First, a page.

This article originally appeared on VICE Germany.
Although the city of Dortmund has long been a notorious hotbed of far-right activity, extremist groups have seen a marked decline of influence in recent years. Even so, neo-Nazi activists have stepped up their rhetoric in the past few months, mocking victims of far-right murders and threatening politicians, police chiefs, and journalists.
On Monday, five journalists received death threats in the form of fake death certificates posted to a Facebook page. One of the them, Felix Huesmann, is a VICE Germany contributor. Here's what he had to say in response:
Journalists are the enemy. Carry a camera to a PEGIDA demonstration—or any classic bigot march for that matter—and you'll get that message loud and clear. You'll be mercilessly berated for belonging to the "lying press" and will probably end up being chased through the city's streets by a mob. Hey, if you're as lucky as me, you might even get a covert death threat.
I've been reporting on the racist hordes roaming Germany's streets for a while now. Unfortunately, since I live in Dortmund, there's a lot of them around. This place has been West Germany's neo-Nazi stronghold since the 1980s. Five people have been killed by neo-Nazis in Dortmund since 2000. It's a city of right-wing hooligans and skinheads; the Autonomous Nationalists party have elected officials in the city council.
This past November, when the Hooligans Against Salifists group rampaged through Cologne, Dortmund's right-wing radicals did everything in their power to show their support. Protected by the masses chanting "lying press," those who showed up at the riot branded the journalists as "antifascist cunts" and kicked colleagues of mine to the ground.
In December, they announced they would be holding a demonstration outside the home of the editor of a local newspaper, Ruhrnachrichten.The police moved the event to another part of town and blocked the antifascists' counter-demonstration, but paint bombs were still lobbed onto the guy's house a few days later.
It was around that time that the first fake obituary of a colleague surfaced online—he also reported on the escapades of Dortmund's neo-Nazis regularly. Shortly before that was the first time I was directly addressed at a Nazi rally: "Hey Felix, I've heard your street is painted brown," some asshole whispered to me.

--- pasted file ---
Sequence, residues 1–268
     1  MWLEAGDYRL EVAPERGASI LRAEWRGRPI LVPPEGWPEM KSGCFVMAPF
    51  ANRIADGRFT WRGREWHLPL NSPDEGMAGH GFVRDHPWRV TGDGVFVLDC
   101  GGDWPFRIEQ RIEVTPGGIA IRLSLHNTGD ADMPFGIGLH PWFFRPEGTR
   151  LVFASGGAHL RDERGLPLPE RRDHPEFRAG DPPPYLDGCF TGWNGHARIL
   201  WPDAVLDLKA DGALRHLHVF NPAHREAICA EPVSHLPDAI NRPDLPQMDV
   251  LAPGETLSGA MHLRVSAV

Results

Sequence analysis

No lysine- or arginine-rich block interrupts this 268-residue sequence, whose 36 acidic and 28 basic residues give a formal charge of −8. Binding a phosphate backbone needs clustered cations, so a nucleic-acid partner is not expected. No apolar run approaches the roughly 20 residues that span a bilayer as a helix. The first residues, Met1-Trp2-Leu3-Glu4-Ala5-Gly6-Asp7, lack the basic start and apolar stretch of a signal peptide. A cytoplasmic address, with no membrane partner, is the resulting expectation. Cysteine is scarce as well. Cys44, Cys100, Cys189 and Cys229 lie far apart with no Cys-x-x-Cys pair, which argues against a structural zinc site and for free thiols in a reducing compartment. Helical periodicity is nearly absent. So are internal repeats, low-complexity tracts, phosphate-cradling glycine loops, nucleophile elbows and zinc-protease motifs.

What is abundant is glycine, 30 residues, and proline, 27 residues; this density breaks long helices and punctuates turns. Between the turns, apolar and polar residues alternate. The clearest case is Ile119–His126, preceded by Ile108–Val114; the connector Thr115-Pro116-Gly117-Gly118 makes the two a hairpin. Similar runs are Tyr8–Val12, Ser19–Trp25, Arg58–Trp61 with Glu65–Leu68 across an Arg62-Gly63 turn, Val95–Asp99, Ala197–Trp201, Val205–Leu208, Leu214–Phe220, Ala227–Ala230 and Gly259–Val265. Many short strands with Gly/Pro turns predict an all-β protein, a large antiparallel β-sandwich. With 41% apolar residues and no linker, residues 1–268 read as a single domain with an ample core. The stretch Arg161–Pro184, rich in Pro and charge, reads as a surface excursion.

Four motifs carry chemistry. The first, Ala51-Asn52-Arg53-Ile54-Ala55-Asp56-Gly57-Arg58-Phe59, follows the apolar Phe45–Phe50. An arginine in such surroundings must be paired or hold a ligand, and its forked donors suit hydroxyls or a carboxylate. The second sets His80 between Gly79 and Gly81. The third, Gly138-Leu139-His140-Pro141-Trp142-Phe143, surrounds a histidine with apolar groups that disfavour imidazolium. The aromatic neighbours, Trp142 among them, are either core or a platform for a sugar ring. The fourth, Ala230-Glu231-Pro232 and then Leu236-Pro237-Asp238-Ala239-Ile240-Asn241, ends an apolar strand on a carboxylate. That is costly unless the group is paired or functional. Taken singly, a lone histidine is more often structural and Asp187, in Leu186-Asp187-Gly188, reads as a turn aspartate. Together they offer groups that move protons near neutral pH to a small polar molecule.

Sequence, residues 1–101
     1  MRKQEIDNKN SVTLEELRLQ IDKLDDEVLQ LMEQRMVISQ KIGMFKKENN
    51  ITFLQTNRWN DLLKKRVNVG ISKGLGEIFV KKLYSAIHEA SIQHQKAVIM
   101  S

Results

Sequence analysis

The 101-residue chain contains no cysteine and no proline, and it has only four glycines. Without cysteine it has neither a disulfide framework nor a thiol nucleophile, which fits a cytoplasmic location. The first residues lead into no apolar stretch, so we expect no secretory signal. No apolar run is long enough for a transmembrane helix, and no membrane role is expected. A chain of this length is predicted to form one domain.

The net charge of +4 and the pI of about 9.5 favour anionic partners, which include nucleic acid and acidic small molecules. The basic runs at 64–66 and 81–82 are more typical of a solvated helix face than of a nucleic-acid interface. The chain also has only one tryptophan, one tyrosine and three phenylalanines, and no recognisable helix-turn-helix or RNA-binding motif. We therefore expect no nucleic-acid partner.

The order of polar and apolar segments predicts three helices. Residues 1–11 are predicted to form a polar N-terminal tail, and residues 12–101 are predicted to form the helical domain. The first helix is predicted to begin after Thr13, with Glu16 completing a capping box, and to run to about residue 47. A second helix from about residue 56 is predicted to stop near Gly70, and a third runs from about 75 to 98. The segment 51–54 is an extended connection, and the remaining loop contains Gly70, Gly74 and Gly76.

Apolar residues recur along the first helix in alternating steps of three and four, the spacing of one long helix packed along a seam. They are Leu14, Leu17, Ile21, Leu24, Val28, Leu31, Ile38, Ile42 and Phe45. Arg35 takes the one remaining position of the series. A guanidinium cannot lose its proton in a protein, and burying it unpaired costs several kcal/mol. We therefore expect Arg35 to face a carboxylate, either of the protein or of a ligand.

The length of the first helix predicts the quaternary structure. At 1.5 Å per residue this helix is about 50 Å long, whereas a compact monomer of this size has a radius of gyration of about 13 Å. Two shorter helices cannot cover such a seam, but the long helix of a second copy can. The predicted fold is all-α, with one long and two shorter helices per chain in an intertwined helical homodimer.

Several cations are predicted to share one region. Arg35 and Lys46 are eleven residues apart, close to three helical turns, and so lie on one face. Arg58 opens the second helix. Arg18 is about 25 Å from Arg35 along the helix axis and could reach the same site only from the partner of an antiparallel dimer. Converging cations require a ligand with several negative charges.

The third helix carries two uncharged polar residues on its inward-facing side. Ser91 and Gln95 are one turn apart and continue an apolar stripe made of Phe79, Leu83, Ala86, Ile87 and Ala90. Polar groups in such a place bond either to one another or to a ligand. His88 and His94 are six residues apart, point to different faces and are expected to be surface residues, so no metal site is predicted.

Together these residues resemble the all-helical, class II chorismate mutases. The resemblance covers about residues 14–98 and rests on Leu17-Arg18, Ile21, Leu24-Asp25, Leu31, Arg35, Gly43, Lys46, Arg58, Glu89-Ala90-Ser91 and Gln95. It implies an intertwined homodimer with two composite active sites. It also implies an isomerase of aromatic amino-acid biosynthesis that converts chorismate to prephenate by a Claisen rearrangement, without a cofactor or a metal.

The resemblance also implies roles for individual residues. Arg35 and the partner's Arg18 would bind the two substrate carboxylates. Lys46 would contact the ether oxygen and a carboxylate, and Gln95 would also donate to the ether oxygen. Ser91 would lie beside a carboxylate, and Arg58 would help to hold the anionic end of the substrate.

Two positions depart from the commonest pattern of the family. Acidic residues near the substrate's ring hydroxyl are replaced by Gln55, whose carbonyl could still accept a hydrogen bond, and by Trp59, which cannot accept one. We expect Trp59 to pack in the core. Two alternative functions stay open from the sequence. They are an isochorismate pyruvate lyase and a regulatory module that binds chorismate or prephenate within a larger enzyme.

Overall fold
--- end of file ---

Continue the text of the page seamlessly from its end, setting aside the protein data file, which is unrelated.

This aggression toward the press in Dortmund escalated to a new level this week. All of a sudden, on Monday night, a Facebook page called "The Hunt Is Now On" posted a bunch of fake obituaries. Aside from me, four more Dortmund-based journalists were targeted.
"Journalist Felix Huesmann—you will definitely not live on in our hearts. It will soon be time to go," mine said. Compared to the others' obituaries mine was sweet—someone else's just read: "Burn Jew Burn."
Of course, the first thing I did when I read those threats was worry. But my second thought was: "You fuckers! Do you really think I'm going to write less now? Do you really think these anonymous threats will intimidate me?" Since then, I've been receiving a lot of support from complete strangers and have also been thinking a little about my reporting.
All these years, I've been playing nice, but the Nazis just went far below the belt. Maybe it's about time to redirect the public's attention to the alcoholism of one of Dortmund's far-right figureheads. Or to the heroin addiction of those same thugs who walk around Dortmund protesting against drugs. Trust me, the list goes on.
But I actually won't to go there. It wouldn't be fair to the normal people who are battling addiction to be grouped together with these morons. To vilify the type of people who laugh off Anne Frank's murder, all you need to do is call them what they are: Nazis. Which is what I'll keep on doing.
Follow (or threaten) Felix on Twitter.